Boddynock wrote:My question I'd like to get your opinion on: What did you think of Warlocks? Were you, as a GM, annoyed they got their eldritch shots off? Or did you just kind of shrug and let them be the sort of one-trick pony that they were? Two GM's I knew wouldn't let anyone play a Warlock. I never had a problem with them.


I'm not super-fond of them, but I wouldn't ban them. They're generally considered underpowered; if a player wanted to try one, I certainly wouldn't refuse. I might, but only might, even allow some of the homebrew "fixes" for them, if they seemed to be lagging in power level.

However, if a player really wanted to play a Warlock, I'd probably steer them toward 5E over 3E, as that added Warlock to the 11 base classes, and does a much better job with pretty much all twelve of those. To me the point of playing 3E is to use all the other classes, prestige classes, unusual character options within the base classes (eg clerics with unconventional pairs of domains that haven't been translated even into a single domain, let alone being combinable), and various subsystems (such as Skill Tricks and Legacy Weapons), all of which 5E simplified out of existence. I mean, they've only barely even ported psionics!

My 3E campaigns from now on (with the possible exception of the established CW I've been working on for years) will barely include the base classes, since nearly all of them are either OP or UP, and most of them can be replaced with a later-published class that fixes the problem (eg replacing you Linear Fighter with a Warblade, and your Quadratic Wizard with a Beguiler or Warmage).
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Re: Things I've learned as a 3E "grognard"

Postby Boddynock » Sat Jun 24, 2017 1:10 am

I also loved Spell Compendium (except for the parts that needed to have errata to fix them). When it came to campaigns, the thing I learned as a more-or-less 3e "grognard" myself, was the top books beloved at our table was PHB and Spell Compendium. Continuing with this sort of thread: Could you name a couple of books (I try not to put someone on the spot by saying 'What is your favorite book?) but name a couple you really liked for 3e). Mine, besides the Core, would include:

Spell Compendium - I'm big fan of casters. Never played a Beguiler or War Mage (though I liked the look of the latter). But I played a lot Wizards and Sorcerers. Compendium was one I loved. Favorite character: Dwarven Abjurer.

Complete Arcane - Even though I've yet to play a Warmage (I won't say never, after all, I might stumble onto a 3e game). Anyway. I still read a lot out of Complete Arcane. It was one of my favorite splat books.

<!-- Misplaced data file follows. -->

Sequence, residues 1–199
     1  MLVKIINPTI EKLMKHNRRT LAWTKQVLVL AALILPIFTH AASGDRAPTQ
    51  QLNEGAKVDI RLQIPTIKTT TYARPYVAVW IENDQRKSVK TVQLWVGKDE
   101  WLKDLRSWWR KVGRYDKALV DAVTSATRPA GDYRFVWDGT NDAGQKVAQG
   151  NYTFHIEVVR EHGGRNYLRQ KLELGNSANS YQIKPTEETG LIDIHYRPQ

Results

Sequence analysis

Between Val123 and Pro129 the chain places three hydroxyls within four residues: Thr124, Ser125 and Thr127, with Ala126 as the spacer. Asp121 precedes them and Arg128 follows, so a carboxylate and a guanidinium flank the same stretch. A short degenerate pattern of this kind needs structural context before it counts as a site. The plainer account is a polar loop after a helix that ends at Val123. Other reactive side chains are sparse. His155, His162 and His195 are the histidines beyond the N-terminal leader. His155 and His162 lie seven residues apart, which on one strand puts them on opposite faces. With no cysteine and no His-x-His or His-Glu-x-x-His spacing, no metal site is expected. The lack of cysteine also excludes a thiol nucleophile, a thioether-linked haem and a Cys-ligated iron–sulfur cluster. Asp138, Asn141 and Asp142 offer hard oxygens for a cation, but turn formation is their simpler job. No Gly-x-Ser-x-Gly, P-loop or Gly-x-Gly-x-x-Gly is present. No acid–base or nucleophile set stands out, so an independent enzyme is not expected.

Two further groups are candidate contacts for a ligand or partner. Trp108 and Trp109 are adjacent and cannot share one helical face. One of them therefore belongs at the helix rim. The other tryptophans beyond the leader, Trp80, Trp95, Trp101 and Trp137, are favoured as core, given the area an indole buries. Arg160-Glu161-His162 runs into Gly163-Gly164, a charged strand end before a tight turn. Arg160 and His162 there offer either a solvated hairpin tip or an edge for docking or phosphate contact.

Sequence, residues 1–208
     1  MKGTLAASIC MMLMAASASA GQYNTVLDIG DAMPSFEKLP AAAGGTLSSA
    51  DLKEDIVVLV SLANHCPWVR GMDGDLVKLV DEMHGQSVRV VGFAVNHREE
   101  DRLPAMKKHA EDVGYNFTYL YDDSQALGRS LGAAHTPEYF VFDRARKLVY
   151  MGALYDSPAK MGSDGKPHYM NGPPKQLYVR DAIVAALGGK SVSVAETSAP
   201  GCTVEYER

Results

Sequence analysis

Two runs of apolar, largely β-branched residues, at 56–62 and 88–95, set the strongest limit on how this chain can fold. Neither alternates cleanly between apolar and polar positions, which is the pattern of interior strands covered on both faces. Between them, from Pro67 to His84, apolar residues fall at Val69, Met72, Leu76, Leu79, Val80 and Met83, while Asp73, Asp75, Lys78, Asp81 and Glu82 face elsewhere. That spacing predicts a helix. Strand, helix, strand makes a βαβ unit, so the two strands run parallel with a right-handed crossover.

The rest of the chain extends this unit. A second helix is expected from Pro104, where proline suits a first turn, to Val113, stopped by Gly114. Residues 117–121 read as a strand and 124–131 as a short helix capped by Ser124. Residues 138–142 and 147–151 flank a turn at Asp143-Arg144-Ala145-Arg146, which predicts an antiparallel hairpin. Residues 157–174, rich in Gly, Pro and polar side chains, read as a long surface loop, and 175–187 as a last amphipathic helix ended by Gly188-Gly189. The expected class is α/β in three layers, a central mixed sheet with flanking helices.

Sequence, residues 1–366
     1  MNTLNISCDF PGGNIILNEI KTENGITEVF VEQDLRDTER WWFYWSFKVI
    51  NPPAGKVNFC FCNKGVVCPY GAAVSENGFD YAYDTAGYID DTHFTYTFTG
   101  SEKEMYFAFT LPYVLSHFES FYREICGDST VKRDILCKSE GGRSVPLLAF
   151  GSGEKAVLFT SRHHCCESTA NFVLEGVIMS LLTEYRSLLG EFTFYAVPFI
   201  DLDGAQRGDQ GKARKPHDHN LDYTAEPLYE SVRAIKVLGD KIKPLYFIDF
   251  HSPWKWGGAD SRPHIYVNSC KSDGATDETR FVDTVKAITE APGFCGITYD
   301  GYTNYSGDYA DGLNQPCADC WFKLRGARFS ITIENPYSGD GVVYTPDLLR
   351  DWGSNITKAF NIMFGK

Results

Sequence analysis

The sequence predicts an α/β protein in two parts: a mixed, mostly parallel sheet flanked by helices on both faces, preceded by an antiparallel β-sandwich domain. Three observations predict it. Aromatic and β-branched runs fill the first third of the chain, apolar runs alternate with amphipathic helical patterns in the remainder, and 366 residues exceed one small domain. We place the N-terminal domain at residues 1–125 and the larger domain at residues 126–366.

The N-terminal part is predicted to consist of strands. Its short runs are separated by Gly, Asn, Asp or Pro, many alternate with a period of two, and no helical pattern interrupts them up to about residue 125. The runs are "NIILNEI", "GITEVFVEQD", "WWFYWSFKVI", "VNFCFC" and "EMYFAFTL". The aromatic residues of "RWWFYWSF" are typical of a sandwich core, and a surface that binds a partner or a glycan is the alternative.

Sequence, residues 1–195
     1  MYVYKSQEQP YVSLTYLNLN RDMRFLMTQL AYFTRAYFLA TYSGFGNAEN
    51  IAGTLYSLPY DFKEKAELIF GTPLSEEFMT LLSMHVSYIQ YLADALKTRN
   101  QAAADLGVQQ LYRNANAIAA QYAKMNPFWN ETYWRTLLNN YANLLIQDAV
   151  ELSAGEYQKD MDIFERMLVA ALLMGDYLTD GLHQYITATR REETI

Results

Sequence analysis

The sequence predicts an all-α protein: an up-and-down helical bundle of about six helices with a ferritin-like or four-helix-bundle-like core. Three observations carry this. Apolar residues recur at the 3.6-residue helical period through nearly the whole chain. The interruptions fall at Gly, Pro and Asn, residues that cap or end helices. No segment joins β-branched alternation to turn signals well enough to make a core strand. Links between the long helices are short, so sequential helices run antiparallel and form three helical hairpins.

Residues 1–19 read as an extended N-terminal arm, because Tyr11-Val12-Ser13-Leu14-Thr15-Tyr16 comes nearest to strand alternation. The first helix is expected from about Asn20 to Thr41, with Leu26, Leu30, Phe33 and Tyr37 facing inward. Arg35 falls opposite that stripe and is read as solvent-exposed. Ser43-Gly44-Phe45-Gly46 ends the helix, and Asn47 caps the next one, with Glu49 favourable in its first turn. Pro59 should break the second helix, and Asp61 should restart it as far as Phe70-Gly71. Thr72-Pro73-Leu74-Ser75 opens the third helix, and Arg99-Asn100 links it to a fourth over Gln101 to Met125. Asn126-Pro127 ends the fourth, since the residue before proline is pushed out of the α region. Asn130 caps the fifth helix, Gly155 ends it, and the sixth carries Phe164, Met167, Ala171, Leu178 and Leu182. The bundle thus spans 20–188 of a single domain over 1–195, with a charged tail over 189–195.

Savage Species: I'm a big sucker for races. The more the better. I would say one thing I wasn't the biggest fan of sometimes was the high ECL's for playing stuff like Svirfneblin. As you pointed out, by 9th level, you could play any race you wanted. I liked reading Savage Species and coming up with Monster 'Classes'. Maybe one day I'll get a chance to run a 1st level Svirfneblin, take his first class, and push onward.

Revised Psionics Rulebook: Or whatever it was called. Hated by my other GM's and viewed as OP. I didn't think that was the case, especially if you used the rules where stuff like Spell Resistance and Dispel Magic also worked against Psionics (making it just another branch of magic like Arcane or Divine powers). Still, I love the concept of Blue Goblins and was glad to see that Psionics Unleashed in Pathfinder offered a version of the Blue.
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Re: Things I've learned as a 3E "grognard"

Postby willpell » Sat Jun 24, 2017 11:30 pm

Boddynock wrote:I also loved Spell Compendium (except for the parts that needed to have errata to fix them). When it came to campaigns, the thing I learned as a more-or-less 3e "grognard" myself, was the top books beloved at our table was PHB and Spell Compendium. Continuing with this sort of thread: Could you name a couple of books (I try not to put someone on the spot by saying 'What is your favorite book?) but name a couple you really liked for 3e).


I've pretty much already given this answer, and it hasn't really changed since that post:

viewtopic.php?f=30&t=16198&p=181739&hilit=weapons+of+legacy#p181739

Except I probably would add Savage Species to the list, having put more effort into comprehending it. Players' Handbook 2 and Magic Item Compendium are also pretty decent, though I wouldn't rank them above "okay" overall, a category that also includes most of the Complete series. (Within that series, Complete Adventurer and Complete Scoundrel are the best, Complete Psionic is the worst, and pretty much everything else is equal.)